Is geography destiny? Perhaps not, but Manifest Destiny certainly had a geographical component—and so, writes former Sky News correspondent Marshall ("Dirty Northern B*st*rds!": And Other Tales from the Terraces: The Story of Britain's Football Chants, 2014, etc.), will a future world in which the United States may not be a superpower.
“When Vladimir Putin isn’t thinking about God, and mountains, he’s thinking about pizza,” writes the author. Pizza and, of course, the Ukraine, his next-door neighbor and a ripe plum for any vision of a Russian empire. Geography has a grim matter-of-factness to it: argue that the Mongols came exploding out of Central Asia due to a bumper crop in grass or that the Vikings left Scandinavia because of the horrible monotony of the fjords, and you’re likely to be pegged as a determinist without sufficient regard for free will. Yet, as Marshall argues in this pop excursus, geography does have something to do with how we live. Some of us have endless fields of grain, others water, others oil, and even if technology has freed us from some of the limits of old—allowing us to fly, as he puts it, from Missouri to Mosul to unleash a bomb or two—the facts of the land often trump other considerations. In a sense, Marshall’s arguments are old-fashioned. In another, they’re of an everything-old-is-new-again tenor, since, he suggests, 100 years from now, Beijing and New Delhi will still be fighting over resources and there will still be an imposing mountain wall between them. And that pizza that Putin is thinking about, the wedge of the North European Plain, is eternal: “a century from now,” Marshall writes, “Russia will still be looking anxiously westward across what will remain flatland.”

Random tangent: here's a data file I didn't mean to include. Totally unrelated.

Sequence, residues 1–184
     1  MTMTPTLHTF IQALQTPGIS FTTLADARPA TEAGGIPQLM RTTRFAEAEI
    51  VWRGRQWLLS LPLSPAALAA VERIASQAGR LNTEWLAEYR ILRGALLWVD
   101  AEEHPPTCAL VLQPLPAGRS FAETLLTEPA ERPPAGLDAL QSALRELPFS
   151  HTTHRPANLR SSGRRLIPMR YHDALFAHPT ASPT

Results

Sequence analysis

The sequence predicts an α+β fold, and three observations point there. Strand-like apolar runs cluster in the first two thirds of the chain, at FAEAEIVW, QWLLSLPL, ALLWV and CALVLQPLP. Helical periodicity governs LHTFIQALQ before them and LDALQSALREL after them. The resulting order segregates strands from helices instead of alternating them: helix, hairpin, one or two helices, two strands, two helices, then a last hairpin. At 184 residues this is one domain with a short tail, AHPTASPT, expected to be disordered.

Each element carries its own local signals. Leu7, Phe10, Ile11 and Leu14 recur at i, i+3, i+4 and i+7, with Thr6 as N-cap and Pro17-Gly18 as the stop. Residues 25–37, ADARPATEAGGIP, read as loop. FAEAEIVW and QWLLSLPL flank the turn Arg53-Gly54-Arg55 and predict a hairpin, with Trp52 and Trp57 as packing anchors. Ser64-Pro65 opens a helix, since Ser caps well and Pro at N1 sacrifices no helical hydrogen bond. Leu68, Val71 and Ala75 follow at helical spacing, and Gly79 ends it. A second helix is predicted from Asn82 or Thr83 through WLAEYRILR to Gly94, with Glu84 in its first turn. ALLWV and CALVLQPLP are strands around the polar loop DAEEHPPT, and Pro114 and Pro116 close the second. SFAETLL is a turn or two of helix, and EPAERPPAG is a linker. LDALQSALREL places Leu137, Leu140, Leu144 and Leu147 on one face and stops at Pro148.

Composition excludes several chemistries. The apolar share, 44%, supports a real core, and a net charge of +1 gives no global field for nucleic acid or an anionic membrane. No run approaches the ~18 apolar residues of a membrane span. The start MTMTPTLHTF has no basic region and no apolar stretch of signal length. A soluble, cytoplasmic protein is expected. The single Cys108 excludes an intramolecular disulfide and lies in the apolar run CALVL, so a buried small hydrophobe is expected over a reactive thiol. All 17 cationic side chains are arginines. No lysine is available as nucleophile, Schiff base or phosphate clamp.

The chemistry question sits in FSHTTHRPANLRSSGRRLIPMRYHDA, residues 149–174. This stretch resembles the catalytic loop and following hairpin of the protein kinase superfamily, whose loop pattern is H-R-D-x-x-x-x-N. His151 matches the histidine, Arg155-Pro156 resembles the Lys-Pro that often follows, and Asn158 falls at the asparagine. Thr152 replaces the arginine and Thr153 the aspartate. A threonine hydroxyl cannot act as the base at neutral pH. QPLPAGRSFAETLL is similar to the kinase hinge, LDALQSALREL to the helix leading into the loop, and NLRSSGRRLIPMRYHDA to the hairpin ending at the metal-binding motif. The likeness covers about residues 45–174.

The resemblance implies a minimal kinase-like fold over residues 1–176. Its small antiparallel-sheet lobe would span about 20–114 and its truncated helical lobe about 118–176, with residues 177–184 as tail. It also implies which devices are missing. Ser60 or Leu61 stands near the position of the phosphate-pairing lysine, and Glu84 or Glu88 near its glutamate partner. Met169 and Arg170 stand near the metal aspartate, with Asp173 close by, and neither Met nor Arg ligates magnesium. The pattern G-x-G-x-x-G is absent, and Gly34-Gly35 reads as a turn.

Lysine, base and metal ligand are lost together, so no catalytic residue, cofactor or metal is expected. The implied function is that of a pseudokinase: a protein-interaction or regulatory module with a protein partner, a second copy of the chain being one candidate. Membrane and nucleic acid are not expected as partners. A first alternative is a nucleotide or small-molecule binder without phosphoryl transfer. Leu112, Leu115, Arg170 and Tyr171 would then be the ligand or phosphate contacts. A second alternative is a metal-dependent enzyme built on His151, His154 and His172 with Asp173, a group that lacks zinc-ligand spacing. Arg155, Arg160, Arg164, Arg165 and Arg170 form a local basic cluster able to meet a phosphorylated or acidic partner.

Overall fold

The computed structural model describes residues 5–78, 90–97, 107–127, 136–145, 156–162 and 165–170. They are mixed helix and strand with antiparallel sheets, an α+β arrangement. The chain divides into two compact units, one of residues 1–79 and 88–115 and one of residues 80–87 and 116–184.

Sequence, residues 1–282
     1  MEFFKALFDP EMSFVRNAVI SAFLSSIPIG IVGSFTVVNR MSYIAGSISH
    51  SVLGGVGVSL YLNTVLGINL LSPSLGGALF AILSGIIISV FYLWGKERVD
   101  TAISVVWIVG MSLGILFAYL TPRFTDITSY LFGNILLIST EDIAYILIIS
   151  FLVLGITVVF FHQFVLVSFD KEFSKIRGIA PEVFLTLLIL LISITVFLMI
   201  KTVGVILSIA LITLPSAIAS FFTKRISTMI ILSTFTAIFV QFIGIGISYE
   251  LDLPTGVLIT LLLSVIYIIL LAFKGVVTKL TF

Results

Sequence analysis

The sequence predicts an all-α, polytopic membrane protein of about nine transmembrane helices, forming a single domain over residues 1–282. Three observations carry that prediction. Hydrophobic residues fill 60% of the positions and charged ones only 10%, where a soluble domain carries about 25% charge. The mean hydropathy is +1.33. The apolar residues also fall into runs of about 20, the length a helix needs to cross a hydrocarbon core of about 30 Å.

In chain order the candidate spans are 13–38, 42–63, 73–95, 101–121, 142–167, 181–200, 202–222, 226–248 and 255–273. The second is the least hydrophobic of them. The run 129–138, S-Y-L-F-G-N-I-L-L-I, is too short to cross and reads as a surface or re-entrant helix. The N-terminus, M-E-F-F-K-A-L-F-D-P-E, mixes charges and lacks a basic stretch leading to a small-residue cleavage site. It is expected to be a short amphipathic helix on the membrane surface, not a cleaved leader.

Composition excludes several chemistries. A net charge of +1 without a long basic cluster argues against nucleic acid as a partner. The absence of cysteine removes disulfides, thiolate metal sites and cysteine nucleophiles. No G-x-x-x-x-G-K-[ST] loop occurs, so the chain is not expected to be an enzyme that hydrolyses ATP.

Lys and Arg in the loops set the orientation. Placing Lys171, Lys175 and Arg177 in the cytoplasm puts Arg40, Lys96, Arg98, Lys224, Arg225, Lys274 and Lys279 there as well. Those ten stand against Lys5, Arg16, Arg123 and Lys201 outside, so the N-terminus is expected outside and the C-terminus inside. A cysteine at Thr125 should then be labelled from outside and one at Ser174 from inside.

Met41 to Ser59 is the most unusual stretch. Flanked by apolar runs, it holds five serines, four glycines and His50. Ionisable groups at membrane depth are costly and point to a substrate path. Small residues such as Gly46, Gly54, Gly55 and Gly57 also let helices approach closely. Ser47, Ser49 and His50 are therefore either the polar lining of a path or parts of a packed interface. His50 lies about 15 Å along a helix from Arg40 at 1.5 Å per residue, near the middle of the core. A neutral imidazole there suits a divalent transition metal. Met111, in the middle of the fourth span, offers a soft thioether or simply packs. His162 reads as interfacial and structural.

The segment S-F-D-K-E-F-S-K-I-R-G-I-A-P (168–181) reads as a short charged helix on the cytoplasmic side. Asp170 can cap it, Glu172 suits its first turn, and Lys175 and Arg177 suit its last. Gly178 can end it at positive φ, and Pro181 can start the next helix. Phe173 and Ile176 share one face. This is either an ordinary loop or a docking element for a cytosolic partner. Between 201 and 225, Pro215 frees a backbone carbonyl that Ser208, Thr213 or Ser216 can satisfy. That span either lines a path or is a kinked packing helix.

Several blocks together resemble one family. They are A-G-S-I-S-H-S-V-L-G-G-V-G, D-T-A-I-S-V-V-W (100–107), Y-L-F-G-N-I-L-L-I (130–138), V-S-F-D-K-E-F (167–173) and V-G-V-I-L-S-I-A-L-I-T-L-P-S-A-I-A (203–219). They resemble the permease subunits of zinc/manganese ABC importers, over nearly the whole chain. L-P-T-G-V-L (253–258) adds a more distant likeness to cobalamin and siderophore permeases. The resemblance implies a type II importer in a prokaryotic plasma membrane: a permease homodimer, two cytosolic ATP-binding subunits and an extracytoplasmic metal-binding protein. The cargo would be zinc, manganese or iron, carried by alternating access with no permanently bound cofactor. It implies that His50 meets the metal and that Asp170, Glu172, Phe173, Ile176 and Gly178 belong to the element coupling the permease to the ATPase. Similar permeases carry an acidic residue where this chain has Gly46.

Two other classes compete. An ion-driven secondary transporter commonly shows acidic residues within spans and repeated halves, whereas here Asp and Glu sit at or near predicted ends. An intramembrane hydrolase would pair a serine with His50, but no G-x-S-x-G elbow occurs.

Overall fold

Compulsive globe-spinners won’t find much new in these pages, but Marshall’s broad survey of events in the light of geographical realities goes a long way to explaining Putin’s concerns—and, for that matter, those of the CIA as well.